Pain, really, is a wonderful thing. It’s a protective mechanism in the body which alerts us to something going wrong. It may be as trivial as a paper cut or intense as a broken bone, but regardless, pain lets us know that all systems are not “go”. Without pain, how would we know we had been injured or were sick? What kind of infections would we get because of unnoticed injuries? What risks might we take for lack of the fear of pain?

A computer program is kind of like a body which feels no pain. It doesn’t notice when something hurts, it just doesn’t work or it dies uttering some cryptic last words. If we’re lucky we can do an autopsy on the results, fix the problem, and bring our creation back to life. If we’re not, well, it may be a long night.

But what if there was a way to provide a sort of nervous system for your programs? A means of determining if a method would provide the correct results, and a way to know if your latest change affected something in another part of the program’s body? What could you do with that knowledge? Would you feel more confident in the code you released, knowing that your program had no hidden injury? Would you be more comfortable making sweeping changes to refactor a major class or database schema knowing that your program would tell you if something was wrong? And wouldn’t it be great to know about problems prior to pushing the “ship it” button?

What you want is a little pain. Tests are pain. That is, tests provide the same sort of mechanism in a program that pain provides in the body. If you couldn’t feel pain, you might have to do a regular visual check over your body to make sure there were no new injuries. Without a suite of tests, you have to do that same sort of visual check over your application….your entire application…not just the happy path….every time you change something.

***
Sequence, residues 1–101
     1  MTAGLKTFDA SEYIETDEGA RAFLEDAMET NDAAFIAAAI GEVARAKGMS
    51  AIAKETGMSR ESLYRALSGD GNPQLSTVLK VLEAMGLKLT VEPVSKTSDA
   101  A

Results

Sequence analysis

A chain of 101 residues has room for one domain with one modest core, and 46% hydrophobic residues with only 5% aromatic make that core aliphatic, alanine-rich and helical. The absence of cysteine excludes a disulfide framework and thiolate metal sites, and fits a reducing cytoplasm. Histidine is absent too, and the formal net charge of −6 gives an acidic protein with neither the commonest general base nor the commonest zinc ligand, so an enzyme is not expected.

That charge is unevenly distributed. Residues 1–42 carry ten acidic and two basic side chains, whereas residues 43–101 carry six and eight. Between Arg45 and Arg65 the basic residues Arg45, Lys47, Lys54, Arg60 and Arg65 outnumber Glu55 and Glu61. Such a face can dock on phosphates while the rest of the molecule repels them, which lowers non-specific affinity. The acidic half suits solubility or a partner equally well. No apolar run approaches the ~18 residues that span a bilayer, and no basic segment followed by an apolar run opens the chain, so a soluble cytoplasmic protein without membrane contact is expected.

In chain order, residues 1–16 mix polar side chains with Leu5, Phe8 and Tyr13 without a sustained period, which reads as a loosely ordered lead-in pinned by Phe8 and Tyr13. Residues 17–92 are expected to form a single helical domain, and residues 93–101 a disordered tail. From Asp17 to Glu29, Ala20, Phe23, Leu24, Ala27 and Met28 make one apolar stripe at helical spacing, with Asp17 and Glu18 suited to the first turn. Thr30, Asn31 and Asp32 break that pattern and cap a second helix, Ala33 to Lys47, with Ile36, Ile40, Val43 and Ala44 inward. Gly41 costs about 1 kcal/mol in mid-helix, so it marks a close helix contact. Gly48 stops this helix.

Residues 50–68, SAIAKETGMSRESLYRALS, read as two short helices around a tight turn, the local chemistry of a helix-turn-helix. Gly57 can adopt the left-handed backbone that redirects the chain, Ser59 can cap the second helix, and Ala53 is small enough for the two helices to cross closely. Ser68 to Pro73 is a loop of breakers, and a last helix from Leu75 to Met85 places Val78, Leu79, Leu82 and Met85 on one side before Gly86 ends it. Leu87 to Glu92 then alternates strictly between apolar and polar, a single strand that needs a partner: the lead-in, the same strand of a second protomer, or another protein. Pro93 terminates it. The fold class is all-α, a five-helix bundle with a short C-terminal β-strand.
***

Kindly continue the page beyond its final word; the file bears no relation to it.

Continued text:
When I first heard about Test Driven Development (TDD), it offended my sensibilities: Why would you write twice as much code? Why run a test knowing it was going to fail and then write code to make it pass, that’s backwards. It’s going to slow down the development process soooo much.

I’ve been developing applications using TDD for about a year and a half now, and I can honestly say my sensibilities were just flat out wrong. Here’s what I’ve found:

  • There was quite a bit of pain to ramp up, but not the pain of something going wrong, it was the pain of growth.
  • The initial development process has slowed down a bit because I’m writing tests, but the bugs have been drastically reduced, which means I’m spending more time developing and less time maintaining.
  • I think about the actual problem more, because I’m defining the behavior I’m expecting before I do anything else.
  • My code has become more modular, because its easier to test. This has the side effect of making better code.
  • I’m only coding as much as is necessary, which means my programs aren’t bloated unnecessarily.
  • Lastly, I’ve performed major refactors on current code bases with full confidence that my changes were going to work. I’ve even refactored a user table from one database into another. Could you do the same without tests?

No one likes pain, but it does serve a purpose in our body. When we feel pain, we know that something is going wrong and we need to take care of it. Computer programs don’t feel pain, but we can mimic the effects of pain with tests, and in doing so provide ourselves with greater confidence in our code.

As I alluded to, pain doesn’t always involve injury, sometimes it’s the result of growth. If you’ve not yet begun test driving your development, embrace a little pain and grow as a developer. Sometimes, “Pain is just weakness leaving the body.”